Performance Branding is Coming

My father was an electrician and whenever we’d take a drive through town, he’d often point out the homes or buildings he’d wired. Though you couldn’t see his handiwork directly, there was pride in his voice. So too with building energy efficiency.

You can’t see what building scientists obsess about, but like my father, I take pride in pointing out to my kids the homes I’ve had the privilege to work on. It got me wondering, what about the homes just built to the letter of the law?

Starting in 2017 there are only six “Prescriptive Packages”, down from the dirty dozen offered from 2012 to 2016 in Ontario Building Code’s SB-12 . These DIY packages gave spec builders a pass on testing the energy performance of each proposed house. This no fuss idea operated on magic realism: if you followed one of the packages, you’d magically get an energy performance score equal to 80 on the EnerGuide scale using Natural Resource Canada’s HOT2000 software. Package J as it turns out was simply the least expensive for builders to build because it had the least wall insulation; nothing screamed “bottom of the barrel” like a Package J house.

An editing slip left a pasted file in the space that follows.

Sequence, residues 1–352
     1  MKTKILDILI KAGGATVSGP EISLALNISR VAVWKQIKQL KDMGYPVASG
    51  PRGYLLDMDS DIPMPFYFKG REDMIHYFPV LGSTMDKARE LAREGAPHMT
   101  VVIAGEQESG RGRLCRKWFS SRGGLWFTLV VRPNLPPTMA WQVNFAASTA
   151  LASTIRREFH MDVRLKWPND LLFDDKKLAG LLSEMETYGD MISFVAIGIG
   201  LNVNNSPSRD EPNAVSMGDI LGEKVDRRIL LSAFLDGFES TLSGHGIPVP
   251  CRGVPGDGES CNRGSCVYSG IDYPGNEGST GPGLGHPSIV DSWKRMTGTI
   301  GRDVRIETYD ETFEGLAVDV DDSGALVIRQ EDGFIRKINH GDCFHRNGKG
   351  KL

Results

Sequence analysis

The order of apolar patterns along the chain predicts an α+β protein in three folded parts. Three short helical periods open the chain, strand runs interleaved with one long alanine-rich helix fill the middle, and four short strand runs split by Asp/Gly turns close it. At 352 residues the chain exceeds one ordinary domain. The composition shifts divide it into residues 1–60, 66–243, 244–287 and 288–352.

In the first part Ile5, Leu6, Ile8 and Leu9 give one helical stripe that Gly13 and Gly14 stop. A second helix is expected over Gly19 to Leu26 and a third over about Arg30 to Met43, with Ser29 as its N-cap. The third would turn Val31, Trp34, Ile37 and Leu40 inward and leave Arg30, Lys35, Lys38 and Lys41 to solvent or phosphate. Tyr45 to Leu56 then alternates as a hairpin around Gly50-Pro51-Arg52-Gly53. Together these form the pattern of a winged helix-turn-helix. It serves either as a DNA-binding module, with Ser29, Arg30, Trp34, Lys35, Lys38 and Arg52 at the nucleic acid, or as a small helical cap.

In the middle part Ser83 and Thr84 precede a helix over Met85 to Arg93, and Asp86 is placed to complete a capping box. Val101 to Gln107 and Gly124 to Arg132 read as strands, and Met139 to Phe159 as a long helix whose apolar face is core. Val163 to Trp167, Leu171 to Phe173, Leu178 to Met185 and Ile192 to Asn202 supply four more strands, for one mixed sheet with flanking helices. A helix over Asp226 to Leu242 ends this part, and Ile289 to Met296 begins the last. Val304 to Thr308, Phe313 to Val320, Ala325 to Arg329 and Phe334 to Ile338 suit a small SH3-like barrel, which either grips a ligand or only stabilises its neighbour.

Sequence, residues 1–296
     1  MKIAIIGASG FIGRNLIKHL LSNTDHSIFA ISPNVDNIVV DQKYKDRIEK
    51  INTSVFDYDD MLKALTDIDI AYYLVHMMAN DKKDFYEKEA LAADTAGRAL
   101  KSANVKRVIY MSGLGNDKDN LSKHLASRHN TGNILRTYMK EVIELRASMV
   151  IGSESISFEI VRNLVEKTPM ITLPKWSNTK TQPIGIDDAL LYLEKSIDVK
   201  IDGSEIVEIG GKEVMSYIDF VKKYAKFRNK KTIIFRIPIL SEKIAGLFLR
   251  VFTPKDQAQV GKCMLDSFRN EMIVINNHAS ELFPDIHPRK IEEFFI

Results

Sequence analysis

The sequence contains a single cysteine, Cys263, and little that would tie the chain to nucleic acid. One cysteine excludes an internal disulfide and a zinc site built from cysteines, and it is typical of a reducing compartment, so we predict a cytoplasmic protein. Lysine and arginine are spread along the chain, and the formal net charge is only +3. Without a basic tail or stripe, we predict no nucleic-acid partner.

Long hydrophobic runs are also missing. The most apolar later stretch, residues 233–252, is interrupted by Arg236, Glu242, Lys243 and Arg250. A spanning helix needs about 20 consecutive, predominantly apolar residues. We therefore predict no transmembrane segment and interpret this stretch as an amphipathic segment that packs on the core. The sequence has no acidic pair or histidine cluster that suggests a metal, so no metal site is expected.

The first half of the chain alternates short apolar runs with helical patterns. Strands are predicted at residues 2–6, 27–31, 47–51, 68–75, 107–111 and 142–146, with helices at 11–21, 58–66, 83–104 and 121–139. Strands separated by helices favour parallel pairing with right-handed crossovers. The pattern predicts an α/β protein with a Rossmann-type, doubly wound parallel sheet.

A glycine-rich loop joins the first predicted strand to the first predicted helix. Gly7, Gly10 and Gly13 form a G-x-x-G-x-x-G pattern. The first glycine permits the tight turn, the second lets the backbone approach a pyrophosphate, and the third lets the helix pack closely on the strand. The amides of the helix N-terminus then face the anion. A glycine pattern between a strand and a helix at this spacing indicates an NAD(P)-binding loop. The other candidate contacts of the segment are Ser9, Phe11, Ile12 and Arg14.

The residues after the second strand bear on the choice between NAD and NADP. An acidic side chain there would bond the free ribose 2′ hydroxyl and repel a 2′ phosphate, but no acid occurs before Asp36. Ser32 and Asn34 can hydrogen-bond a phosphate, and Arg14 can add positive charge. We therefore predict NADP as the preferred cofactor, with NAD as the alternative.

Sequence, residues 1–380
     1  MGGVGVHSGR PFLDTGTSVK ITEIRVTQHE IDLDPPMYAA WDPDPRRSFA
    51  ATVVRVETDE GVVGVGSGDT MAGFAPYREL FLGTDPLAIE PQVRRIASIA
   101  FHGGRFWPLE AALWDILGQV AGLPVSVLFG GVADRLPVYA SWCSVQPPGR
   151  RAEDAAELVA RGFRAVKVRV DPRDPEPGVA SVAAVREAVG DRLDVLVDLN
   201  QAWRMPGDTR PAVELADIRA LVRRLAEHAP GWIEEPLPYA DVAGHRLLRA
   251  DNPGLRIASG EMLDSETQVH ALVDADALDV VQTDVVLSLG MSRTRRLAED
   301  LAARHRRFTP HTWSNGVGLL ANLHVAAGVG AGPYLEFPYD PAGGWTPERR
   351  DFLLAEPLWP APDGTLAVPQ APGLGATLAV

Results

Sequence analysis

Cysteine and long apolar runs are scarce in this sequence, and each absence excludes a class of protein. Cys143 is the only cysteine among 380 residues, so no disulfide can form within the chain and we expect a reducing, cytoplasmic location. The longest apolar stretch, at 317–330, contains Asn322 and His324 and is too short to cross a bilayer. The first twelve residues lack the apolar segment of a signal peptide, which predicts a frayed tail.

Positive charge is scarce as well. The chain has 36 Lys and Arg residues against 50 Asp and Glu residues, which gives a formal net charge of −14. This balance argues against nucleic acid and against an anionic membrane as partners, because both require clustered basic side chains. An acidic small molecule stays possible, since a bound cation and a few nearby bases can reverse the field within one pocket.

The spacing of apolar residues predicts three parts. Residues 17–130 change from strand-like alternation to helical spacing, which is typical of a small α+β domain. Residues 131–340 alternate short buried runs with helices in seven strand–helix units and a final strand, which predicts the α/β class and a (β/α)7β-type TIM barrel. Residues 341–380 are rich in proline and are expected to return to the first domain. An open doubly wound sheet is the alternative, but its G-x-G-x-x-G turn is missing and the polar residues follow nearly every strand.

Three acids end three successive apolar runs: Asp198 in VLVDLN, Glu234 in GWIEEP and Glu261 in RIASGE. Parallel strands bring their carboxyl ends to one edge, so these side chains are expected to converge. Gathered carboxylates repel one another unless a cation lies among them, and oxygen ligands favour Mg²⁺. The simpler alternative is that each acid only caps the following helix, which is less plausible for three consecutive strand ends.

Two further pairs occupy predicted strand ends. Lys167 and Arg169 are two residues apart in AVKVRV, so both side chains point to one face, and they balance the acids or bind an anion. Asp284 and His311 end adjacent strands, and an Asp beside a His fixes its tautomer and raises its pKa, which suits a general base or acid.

The equivalent of serving canned luncheon loaf at a wine and cheese party, the Package J house gasped and wheezed as it struggled past the occupancy permit finish line. The sad truth is that an estimated 60 percent of homes built from 2012 to 2016 were basic Package J homes; especially the homes of the affluent. Oh the rich irony of a high-performance European car in the driveway of a bottom of the barrel performing home!

Though we’re rid of Pacakage J, like a boomerang it will come back to haunt builders and home sellers as homes get performance rated under Ontario’s Home Energy Rating and Disclosure program. As homes get physically tested and inspected for insulation levels, it will be interesting to see how far from 80 these homes are.

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